A befuddled attempt to give Vin Diesel his own franchise series - now that he's ditched giving the XXX thing another whirl - The Chronicles of Riddick stomps onto screens with an attitude that's somehow both obtuse and far too simplistic. This sequel of sorts to writer/director David Twohy's Pitch Black takes one of that film's sole survivors, the titular shaven-headed and silver-eyed criminal (Vin Diesel), and drops him into the middle of a byzantine interstellar conflict that's about as easy to parse out as one of Frank Herbert's Dune novels.
At the start of the film, Riddick is being chased on a remote, frozen planet by some bounty hunters, whom he promptly dispatches and steals their ship to ride back to the planet of Helios Prime, where their employer was from. Once there, he finds out the bounty was put on him by one of Pitch Black's other survivors, Imam (Keith David, resplendent in flowing robes and a sharp goatee). Apparently, Imam and Aereon (Judi Dench), an ambassador from a ghost-like race called the Elementals, think that Riddick, being a member of the Furion race, will be able to help the galaxy fight off an onslaught of planet-destroying religious fanatics called Necromongers. The Necromongers are on a galactic jihad to bring about something called "the Underverse" and will convert or kill anybody in their path. But, before any of this can really be figured out, the Necromongers' gigantic armada crashes down on Helios Prime and things get really complicated. There's about ten minutes' worth of action that takes place later in a prison which, even now, after much contemplation, still makes absolutely no sense.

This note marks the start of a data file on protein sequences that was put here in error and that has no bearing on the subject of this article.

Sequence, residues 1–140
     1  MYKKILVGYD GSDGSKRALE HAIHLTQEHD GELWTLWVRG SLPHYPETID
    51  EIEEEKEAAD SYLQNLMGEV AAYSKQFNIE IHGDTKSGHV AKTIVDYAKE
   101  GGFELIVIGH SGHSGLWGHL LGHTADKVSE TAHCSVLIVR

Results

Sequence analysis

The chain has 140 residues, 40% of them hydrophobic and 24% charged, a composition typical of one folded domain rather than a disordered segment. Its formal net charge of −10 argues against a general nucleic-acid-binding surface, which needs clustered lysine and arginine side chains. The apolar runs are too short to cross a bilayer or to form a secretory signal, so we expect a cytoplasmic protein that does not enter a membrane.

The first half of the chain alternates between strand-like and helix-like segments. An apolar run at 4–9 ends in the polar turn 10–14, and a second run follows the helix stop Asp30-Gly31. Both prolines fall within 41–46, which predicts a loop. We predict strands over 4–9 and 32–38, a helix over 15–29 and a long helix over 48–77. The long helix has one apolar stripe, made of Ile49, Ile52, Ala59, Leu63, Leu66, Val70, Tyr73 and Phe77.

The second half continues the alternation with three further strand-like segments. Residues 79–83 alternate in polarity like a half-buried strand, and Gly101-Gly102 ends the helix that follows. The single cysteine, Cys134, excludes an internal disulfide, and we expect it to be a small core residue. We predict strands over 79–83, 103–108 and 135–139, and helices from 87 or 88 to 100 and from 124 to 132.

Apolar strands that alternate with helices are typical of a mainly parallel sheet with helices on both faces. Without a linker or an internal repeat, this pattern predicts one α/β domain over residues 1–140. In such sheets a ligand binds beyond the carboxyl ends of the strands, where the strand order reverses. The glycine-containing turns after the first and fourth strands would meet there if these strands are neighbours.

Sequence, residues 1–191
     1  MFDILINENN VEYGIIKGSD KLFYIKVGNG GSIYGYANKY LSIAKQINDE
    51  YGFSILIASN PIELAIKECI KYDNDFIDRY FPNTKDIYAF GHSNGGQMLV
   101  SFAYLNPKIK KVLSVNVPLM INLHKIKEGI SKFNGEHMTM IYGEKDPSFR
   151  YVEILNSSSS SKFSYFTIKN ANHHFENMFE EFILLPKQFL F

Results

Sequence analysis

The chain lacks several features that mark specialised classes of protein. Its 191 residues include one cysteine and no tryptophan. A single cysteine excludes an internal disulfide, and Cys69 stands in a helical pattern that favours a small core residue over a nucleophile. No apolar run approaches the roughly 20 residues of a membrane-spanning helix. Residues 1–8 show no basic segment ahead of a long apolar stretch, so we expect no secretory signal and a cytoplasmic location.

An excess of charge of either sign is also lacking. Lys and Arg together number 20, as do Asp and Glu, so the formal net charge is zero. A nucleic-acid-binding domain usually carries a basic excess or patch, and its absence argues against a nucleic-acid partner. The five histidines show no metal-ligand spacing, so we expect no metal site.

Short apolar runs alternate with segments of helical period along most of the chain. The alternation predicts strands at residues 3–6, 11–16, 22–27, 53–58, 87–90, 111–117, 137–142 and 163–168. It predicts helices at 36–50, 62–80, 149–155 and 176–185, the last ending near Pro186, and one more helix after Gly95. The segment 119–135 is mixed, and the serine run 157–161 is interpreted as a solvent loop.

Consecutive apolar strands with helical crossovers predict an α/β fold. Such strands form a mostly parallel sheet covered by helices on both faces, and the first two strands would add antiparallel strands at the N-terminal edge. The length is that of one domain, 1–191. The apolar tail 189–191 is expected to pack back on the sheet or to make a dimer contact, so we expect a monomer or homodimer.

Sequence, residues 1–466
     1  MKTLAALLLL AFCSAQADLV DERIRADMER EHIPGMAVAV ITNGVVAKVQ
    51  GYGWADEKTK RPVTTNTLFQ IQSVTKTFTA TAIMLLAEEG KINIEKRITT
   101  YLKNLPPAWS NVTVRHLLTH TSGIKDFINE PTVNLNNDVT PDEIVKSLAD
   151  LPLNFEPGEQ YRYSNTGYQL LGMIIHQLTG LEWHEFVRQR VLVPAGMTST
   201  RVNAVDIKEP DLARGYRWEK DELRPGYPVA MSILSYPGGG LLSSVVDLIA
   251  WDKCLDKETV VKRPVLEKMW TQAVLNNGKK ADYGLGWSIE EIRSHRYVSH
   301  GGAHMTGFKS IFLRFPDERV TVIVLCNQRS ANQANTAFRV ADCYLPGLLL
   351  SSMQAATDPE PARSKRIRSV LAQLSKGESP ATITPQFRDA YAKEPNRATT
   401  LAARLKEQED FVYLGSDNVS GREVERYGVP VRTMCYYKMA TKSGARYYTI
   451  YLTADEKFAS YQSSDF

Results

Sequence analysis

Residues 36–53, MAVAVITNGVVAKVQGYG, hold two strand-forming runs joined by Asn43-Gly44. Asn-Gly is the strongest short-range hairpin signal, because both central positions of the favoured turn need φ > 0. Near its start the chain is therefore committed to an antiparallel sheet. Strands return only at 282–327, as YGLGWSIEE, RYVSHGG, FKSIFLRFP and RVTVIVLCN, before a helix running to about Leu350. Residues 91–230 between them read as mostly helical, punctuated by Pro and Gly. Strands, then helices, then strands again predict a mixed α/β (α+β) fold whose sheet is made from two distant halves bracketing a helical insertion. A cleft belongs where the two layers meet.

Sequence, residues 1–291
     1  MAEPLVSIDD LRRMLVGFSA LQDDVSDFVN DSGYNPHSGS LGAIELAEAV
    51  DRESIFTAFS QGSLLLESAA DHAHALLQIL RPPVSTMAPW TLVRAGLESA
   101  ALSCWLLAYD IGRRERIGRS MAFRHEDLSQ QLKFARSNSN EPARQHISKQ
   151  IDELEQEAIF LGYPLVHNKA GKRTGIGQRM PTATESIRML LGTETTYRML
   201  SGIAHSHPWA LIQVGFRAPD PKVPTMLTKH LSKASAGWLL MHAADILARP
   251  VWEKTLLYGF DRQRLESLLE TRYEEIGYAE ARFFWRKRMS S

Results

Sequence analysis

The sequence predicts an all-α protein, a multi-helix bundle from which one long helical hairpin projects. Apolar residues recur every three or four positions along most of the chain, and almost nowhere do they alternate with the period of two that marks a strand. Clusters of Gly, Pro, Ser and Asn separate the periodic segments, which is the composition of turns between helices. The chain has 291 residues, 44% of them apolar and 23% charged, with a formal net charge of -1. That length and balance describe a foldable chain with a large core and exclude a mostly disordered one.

In Pitch Black, Twohy had a small budget, no stars, and a simple, crackerjack plot that ably twisted a Twilight Zone-like scenario through a futuristic horror film (as he later did in the underrated Below). With Riddick, he was apparently given as much money as he wanted and the result is like Lucas on steroids. The engaging if silly storyline remains opaque due to this schizophrenic film having balanced it all on one factor: Vin Diesel. Acting like a hybrid of Mad Max-Mel Gibson and Schwarzenegger from Conan the Barbarian (the last scene of which is blatantly referenced in Riddick's climax), Vin Diesel is all grunts, baleful stares and hard-boiled one-liners. This worked when he lurked in the shadows of Pitch Black, but standing front and center in almost every scene, it gets old and leaves the movie stranded between concepts, being neither completely a Neanderthal actioner nor grand space opera. Meanwhile, off in the wings are some otherwise fine actors, like Colm Feore and Thandie Newton - playing Necromongers who look like what you'd get if Star Trek's Borg had a medieval fetish and worked out all day - doing what they can with dialogue like, "Keep what you kill. It is the Necromonger way."
Let it not be said that Twohy didn't blow it all, though. In a time when a $200 million "spectacle" like Troy can look as cheap as a made-for-cable film, it's nice to see a film like Riddick in which every single shot is stuffed to the gills with baroque costumes, strange devices, monstrous animals, and spaceships that seem plucked from some nightmare. One sequence on a prison planet called Crematoria manages to twist the Pitch Black premise neatly around: Instead of the dark being deadly, this time the characters have to run to stay ahead of the boiling, lava-like sunlight. It's all a sign of how talented Twohy is, let's just hope that next time, he breaks free of the lumbering Vin Diesel and shows us how nimble a filmmaker he can be.
This movie was brought to you by the color blue.